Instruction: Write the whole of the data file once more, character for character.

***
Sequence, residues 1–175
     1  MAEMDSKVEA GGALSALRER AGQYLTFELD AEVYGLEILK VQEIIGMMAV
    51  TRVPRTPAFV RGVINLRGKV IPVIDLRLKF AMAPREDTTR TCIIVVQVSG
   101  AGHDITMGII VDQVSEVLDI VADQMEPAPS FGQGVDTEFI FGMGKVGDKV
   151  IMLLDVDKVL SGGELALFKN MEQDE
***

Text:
Sequence, residues 1–175
     1  MAEMDSKVEA GGALSALRER AGQYLTFELD AEVYGLEILK VQEIIGMMAV
    51  TRVPRTPAFV RGVINLRGKV IPVIDLRLKF AMAPREDTTR TCIIVVQVSG
   101  AGHDITMGII VDQVSEVLDI VADQMEPAPS FGQGVDTEFI FGMGKVGDKV
   151  IMLLDVDKVL SGGELALFKN MEQDE